Debt Consolidation

My credit wasn’t good enough to get a decent loan for $130,000. Even if I did, I’d be making payment for the rest of my life. This would take too long and ultimately cost too much. I wanted to take action, rectify my situation and start over. This would be a slow process. I am not a slow kind of guy. I had finally decided to take action and I wanted to get it done….NOW!

Debt Settlement

When I came across the idea of Debt Settlement for the first time, it was a real eye opener for me. I hadn’t even considered the prospect of negotiating with the banks in this way. I never thought of the bank as a collection of real people. It just seemed like a monster I had made a bad deal with and was now sucking up all my money. With Debt Settlement, you call your bank and negotiate a lump sum payoff of the account that is less than full balance. This negotiation can be done in 3 different ways:

  1. You do it on your own

  2. You do it while being coached by a debt settlement specialist.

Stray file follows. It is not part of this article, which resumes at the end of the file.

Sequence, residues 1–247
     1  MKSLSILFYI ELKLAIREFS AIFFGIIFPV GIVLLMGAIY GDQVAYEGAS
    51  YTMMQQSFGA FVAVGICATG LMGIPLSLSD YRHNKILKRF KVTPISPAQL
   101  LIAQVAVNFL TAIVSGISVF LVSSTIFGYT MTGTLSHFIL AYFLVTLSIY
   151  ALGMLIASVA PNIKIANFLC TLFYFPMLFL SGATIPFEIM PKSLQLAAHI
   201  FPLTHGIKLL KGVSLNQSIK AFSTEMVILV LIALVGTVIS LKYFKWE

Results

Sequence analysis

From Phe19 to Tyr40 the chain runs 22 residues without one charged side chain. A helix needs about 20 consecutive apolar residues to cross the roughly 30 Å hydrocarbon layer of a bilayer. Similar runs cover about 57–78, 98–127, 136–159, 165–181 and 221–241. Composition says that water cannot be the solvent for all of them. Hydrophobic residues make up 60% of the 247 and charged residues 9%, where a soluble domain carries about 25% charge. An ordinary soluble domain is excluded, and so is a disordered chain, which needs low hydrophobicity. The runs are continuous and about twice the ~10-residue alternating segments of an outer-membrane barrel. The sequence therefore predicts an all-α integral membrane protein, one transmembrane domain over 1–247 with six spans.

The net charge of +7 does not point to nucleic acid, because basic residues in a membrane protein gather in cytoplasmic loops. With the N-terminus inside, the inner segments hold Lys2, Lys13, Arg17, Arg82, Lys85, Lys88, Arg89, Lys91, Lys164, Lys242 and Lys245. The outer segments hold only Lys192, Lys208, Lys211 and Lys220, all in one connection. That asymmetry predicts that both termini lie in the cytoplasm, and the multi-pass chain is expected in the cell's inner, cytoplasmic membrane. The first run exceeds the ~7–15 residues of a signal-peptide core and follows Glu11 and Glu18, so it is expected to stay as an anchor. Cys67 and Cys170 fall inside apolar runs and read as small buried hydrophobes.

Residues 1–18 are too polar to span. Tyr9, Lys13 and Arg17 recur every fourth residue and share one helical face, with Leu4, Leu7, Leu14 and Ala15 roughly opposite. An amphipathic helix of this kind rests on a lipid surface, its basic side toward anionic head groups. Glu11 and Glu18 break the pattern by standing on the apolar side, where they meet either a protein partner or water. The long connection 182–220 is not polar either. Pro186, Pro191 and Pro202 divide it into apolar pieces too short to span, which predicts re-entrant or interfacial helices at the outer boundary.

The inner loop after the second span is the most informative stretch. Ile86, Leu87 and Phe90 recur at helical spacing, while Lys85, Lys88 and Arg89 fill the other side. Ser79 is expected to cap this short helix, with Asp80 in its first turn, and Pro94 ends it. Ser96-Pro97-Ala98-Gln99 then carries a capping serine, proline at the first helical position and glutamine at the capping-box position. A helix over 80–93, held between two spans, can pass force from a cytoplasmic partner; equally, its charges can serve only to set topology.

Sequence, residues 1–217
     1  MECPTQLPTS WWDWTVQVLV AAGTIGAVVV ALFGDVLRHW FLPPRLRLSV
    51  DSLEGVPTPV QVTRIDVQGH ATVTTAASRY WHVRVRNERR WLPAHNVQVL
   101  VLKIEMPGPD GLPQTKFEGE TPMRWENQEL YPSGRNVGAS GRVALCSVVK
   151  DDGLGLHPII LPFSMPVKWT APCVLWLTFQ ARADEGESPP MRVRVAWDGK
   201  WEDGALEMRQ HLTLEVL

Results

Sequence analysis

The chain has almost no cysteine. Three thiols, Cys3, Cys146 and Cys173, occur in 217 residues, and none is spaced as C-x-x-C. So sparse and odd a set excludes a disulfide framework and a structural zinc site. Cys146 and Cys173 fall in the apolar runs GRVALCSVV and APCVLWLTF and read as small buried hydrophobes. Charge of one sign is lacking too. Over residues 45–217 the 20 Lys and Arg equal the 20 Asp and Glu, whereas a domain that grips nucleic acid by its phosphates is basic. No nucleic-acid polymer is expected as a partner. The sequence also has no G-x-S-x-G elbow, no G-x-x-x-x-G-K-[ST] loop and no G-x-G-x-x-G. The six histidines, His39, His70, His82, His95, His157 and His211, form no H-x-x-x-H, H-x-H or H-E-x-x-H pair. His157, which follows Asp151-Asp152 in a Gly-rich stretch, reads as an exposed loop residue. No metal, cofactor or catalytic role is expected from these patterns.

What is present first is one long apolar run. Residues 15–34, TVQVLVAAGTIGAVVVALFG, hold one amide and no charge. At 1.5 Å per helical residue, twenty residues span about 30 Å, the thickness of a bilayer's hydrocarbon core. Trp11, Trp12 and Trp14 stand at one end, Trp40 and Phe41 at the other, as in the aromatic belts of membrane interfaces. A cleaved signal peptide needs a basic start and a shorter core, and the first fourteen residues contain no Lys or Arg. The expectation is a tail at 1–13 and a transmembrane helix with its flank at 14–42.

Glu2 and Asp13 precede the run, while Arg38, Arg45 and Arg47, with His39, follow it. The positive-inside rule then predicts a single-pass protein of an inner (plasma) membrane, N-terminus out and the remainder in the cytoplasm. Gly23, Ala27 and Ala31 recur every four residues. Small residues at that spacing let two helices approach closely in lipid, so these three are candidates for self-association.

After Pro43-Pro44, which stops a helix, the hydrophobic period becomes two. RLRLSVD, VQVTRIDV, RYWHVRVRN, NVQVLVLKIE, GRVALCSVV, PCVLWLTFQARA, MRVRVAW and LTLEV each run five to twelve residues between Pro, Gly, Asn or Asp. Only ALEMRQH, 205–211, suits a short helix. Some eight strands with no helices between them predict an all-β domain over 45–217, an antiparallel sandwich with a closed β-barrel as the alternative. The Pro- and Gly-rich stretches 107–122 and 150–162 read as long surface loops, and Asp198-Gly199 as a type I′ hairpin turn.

3. You hire a company to negotiate on your behalf and pay them a fee. BEWARE: THESE FEES CAN VARY DRASTICALLY! I will discuss this in the next post.

After careful thought, I chose Debt Settlement, option 2. At the heart of Debt Settlement is the ability to negotiate. This was very appealing to me because I love negotiating. My father is a retired lawyer. Growing up was like a series of scenes from that Albert Brooks movie, Defending Your Life. At an early age, I was trained to ask for things in a diplomatic way, stick to my guns and be prepared for the inevitable interrogation. Maybe I should have been a lawyer! You will think I am crazy when I say this, but I have actually enjoyed the Debt Settlement process. I chose a company that was a true consumer advocate. They didn’t charge exorbitant fees and the debt settlement specialist assigned to my case was nothing short of awesome. In my humble opinion, critical to your success with Debt Settlement is the company that assists you. Some of them actually will save you money. Others will take advantage of you and PUT YOU FURTHER IN DEBT.
In the next post, I’ll discuss the companies I chose to avoid and the company I ended up using, Consumer Recovery Network.
Stay tuned, stay afloat. WEALTH AND FREEDOM ARE IN YOUR FUTURE!